I believe the same can be said for our approach to preparing the body for training so that the body (equipment) can work when you need it to accomplish the job at hand. The most critical step in this process is changing the perception of the “warmup” as a secondary or unnecessary part of a training program—something you can skip if you are short on time. In actuality, warmups should be a major part of your training program (if you are truly looking for results, that is).

Long ago I adopted, both for the people I work with and for my personal workouts, a process from a great coach on preparing the body for work. It involves four exercises in four major categories of movement preparation: mobility, stability, core engagement, and loco-motor (dynamic stretches and small plyometrics). For obvious reasons, this is referred to as a 4x4 approach to physical readiness and preparation.

Mobility Drills

Mobility drills refers to the exercises aimed at gaining and enhancing the range of motion in a particular joint. With a joint-by-joint, ground-up approach, these drills typically work to tackle mobility of the ankle, hip, thoracic and cervical spine, and shoulder. Here at NIFS, we work to mobilize movement patterns that involve these joints, and others, which we evaluate in a Functional Movement Screen.

Here are just two of my favorite mobility drills:

i. 1/2K—Abducted T-Spine Rotation
ii. Dynamic Pigeon—Knee & Foot

 
 
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Stability Drills

These drills work to help stabilize the mobility you just gained with the preceding drills. A mobile joint is a great start, but then you must stabilize it with exercises that will aid in alignment and strength of the joint. These exercises are generally used immediately after the mobility work to help in the retention of the alignment and position we are hoping to obtain. Check out a couple of these drills that you can add to your 4x4 warmup.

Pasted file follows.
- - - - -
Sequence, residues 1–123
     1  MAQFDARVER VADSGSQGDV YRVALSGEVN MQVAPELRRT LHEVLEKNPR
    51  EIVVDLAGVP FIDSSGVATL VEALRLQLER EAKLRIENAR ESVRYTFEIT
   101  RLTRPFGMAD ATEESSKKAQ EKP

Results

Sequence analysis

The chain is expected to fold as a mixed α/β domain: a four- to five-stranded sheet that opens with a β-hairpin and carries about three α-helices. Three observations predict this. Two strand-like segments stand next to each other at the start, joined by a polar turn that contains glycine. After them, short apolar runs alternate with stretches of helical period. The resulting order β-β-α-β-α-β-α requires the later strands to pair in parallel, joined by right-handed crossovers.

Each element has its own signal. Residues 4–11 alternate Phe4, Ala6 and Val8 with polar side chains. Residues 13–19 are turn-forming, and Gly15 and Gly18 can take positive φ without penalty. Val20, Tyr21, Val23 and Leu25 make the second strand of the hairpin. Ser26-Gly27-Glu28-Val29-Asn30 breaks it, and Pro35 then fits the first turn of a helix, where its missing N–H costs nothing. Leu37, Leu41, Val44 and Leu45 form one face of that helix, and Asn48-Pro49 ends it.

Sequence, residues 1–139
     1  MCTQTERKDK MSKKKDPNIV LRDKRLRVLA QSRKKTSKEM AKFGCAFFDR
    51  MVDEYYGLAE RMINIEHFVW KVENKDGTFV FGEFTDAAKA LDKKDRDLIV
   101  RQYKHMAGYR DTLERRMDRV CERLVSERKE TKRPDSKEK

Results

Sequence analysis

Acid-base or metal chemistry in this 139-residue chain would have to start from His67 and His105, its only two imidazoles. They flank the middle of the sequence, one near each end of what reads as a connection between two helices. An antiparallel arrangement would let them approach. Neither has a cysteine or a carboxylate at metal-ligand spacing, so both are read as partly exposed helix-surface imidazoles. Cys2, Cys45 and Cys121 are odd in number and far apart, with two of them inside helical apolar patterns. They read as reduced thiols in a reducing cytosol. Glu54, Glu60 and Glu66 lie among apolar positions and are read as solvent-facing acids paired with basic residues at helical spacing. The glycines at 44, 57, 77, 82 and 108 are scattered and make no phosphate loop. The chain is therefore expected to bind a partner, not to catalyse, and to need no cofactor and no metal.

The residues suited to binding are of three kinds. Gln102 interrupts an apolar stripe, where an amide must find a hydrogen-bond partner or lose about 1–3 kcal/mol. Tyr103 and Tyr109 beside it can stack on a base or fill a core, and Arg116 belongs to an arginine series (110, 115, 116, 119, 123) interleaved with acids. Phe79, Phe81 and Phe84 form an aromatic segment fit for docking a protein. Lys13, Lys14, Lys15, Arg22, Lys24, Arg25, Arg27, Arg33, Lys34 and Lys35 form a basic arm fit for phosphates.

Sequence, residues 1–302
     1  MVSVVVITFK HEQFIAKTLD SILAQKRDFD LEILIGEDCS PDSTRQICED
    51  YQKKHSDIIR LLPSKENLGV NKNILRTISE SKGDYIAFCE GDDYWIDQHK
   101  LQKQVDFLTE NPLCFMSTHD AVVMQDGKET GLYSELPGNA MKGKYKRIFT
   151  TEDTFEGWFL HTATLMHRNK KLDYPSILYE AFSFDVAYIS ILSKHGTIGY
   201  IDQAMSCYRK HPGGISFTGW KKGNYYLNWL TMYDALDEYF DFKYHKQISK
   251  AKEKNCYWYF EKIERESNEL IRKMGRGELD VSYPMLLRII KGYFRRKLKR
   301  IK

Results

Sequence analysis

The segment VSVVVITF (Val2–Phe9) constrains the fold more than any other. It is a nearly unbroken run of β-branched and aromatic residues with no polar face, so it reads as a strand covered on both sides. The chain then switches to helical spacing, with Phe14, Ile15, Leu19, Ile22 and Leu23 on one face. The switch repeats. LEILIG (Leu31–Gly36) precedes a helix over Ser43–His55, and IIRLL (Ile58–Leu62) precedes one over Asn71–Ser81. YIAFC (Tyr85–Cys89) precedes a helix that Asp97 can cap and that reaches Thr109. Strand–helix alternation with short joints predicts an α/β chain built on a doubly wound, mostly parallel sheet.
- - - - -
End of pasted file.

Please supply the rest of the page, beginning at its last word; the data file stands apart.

i. Band Lat. Walks
ii. Split Squat w/ Band Pull-apart

 
 
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Core Drills

Exercises in this phase of our preparation are to “fire up” the core to stabilize the trunk before loading the body with all the great tools we use in strength training and conditioning. A common practice is to save the “ab work” for last during your training session, which is all fine and good, but adding these to your 4x4 work before a weight is lifted can help your performance. A strong, “awake” center will keep you safe during your exercises and allow you to get the most out of them at the same time.

i. Foam Roller Dead Bug with Ext.
ii. Side plank and row

 
 
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Loco-motor Drills

After mobilizing and stabilizing the system, now it’s time to energize it! These drills are used to increase the body and tissue temperature that will prepare your body for the strength and conditioning work that lies ahead. These drills are typically fast and fun, and can combine some dynamic stretching with basic calisthenics. These can be as simple as a jumping jack or lateral lunges, or these two gems:

i. Snowboarders
ii. Sprinter Lunge

 
 
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***

To prepare your body for work and to limit the chances of injury, you must perform a proper warmup. No more skipping a major part of your training session! As soon as you begin to look at the 4x4 warmup as a must-do, the harder it will be to work without it.

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This blog was written by Tony Maloney, ACSM Certified Exercise Physiologist and Fitness Center Manager. To find out more about the NIFS bloggers, click here.

Topics: functional training core videos warmups mobility movement stability loco-motor drills